Just a side note, do not judge the book on the films. I have watched both and neither, in my opinion, is a replica of the book. Rarely, films are. They both have altered or missed out certain characters and used a bit of artistic license with the storylines. I personally, did and still do enjoy the 1979 BBC version of Watership Down, but, in my opinion, read the book and see what the author intended you to see in its entirety. Let me know what you think on this. 

There is a reason I chose this book as my first review it is one of my favourite books of all time. It is epic and for me it is a must-read. So if you haven’t read it I do hope you look this up and please let me know what you think. 

Have you read Watership Down? If so, opinions please? 

The Last Unicorn the Lost Journey by Peter S. Beagle 

I know unicorns are very popular at the moment, what is with that? I have no issues with unicorns but how did they become such a big thing? Anyway that is not why I picked this book to review. To say I was familiar with the ‘The Last Unicorn’ animation film when I kid would also be an understatement I watched it many, many, many times.

This book, however, is the original story prior to the film being made. In a way it is as though I was revisiting a buried treasure only to find the reality is somewhat different to what I first believed, much like the Last Unicorn and the world she steps into. ‘The Last Unicorn the Lost Journey’, follows the Unicorn as she steps out of the wood – her home into the wide world beyond. She has a need and a curiosity to see if she really is the last of her kind.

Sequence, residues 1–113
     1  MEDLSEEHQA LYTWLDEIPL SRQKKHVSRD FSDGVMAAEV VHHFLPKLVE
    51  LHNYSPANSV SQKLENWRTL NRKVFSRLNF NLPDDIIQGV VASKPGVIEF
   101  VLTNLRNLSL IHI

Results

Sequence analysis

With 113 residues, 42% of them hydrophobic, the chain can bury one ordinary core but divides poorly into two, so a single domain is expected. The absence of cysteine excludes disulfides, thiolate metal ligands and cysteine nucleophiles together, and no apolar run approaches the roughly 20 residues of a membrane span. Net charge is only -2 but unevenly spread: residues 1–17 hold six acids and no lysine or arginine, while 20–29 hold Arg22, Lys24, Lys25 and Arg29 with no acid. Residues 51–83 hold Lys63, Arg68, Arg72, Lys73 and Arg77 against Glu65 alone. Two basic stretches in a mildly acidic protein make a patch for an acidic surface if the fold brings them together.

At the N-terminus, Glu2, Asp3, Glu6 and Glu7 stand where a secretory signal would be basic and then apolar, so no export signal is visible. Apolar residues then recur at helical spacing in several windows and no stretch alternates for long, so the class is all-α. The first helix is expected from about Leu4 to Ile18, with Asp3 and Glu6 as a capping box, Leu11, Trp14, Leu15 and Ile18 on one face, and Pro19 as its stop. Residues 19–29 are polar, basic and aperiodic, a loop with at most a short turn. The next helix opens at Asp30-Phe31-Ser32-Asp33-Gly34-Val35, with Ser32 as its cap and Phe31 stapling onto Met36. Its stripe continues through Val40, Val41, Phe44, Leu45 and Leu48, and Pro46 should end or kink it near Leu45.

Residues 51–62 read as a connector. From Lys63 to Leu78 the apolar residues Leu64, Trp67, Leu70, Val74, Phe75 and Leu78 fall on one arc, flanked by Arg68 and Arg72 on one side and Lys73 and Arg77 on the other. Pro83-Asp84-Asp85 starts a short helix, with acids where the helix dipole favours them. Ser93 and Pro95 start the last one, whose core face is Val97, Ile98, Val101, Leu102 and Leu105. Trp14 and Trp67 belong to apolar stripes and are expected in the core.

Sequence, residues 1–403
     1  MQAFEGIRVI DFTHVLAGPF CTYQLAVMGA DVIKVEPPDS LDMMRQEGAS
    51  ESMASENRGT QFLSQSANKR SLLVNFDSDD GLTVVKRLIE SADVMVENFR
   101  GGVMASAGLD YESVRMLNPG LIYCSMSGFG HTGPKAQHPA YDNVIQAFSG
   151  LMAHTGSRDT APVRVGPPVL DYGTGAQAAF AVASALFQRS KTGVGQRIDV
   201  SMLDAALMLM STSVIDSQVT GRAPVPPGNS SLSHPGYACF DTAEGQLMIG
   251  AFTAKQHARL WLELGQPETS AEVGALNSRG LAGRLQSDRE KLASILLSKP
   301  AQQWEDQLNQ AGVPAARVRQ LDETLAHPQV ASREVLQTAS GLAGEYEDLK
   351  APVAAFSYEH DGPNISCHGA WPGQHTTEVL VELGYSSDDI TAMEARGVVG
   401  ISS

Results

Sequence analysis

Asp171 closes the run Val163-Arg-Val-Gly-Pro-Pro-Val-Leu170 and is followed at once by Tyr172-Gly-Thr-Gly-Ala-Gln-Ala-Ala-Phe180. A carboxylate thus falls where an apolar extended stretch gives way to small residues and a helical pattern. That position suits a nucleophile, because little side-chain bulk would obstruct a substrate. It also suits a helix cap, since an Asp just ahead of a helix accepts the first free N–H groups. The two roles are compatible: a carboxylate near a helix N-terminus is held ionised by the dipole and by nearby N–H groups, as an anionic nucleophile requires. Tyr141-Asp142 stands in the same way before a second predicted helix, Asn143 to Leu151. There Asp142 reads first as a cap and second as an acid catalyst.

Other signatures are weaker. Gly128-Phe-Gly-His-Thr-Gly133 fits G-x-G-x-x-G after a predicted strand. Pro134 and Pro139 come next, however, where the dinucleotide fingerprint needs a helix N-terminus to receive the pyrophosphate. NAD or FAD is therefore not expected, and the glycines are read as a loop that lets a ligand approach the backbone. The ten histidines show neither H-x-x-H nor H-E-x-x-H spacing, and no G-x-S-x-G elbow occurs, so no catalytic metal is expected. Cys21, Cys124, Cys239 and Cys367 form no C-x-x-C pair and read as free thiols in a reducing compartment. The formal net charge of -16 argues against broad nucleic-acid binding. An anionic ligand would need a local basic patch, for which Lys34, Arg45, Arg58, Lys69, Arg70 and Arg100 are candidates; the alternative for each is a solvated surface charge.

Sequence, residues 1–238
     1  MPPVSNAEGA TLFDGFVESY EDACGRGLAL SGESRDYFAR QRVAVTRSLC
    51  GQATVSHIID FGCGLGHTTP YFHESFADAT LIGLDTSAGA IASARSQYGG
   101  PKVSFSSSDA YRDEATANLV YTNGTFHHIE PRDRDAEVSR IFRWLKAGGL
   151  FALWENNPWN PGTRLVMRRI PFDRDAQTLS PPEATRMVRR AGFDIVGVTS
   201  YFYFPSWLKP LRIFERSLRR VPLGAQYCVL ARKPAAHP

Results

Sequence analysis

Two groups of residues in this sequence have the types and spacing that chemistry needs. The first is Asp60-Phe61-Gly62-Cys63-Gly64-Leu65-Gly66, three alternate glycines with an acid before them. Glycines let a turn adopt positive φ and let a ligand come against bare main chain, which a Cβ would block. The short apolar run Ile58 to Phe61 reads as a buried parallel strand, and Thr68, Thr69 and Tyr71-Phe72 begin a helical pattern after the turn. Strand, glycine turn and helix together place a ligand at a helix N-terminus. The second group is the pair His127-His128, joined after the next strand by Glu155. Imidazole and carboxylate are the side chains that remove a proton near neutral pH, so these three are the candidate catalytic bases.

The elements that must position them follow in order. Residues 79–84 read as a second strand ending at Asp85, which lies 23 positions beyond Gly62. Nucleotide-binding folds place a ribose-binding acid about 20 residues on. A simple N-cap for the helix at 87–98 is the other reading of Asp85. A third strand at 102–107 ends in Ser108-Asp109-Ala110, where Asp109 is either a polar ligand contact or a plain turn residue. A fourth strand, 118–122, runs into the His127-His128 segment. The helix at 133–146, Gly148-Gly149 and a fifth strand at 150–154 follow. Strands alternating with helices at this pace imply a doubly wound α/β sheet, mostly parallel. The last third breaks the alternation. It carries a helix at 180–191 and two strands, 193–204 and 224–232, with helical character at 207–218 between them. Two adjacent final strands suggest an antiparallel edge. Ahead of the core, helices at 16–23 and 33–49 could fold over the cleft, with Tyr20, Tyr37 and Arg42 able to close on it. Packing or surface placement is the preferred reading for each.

If my younger self had read this story I think I would have loved the descriptive language used throughout, for it painted a very visual story and my older self loved the dry humour. This a very short story – this by itself is not an issue for me, but the ending came a bit too abruptly for my liking. Or it could be that I’m just not overly enamoured by how the story ended. There were interwoven messages aplenty in this story, a naive unicorn struggling with her place in the world and not everyone is how they first appear to be. I am quite sad that I did not read this when I was younger, I think my nightmares would have had a field day with the likes of ‘Azazel’ and a few other elements of the story (she says trying not to give anything away)

Reading this story as adult, never has a fantasy book felt more real to me. The reactions and characters if you remove their fantastical nature seem to fit very well in the real world. A real world that isn’t as fairy tale as some of us would hope for it to be. 

This is a book that I feel a lot of adults as well as children would relate. I also felt the ‘Afterword’ section at the end of the book gave an interesting insight into how the story was first imagined. 

The Umbrella Mouse by Anna Fargher 

Now, to my most recent discovery. ‘The Umbrella Mouse’ written by Anna Fargher tells the story of a brave young mouse called ‘Pip’ and how her life is forever changed due to World War II. This book is aimed at children 9-11 years, but I personally think adults would love this too.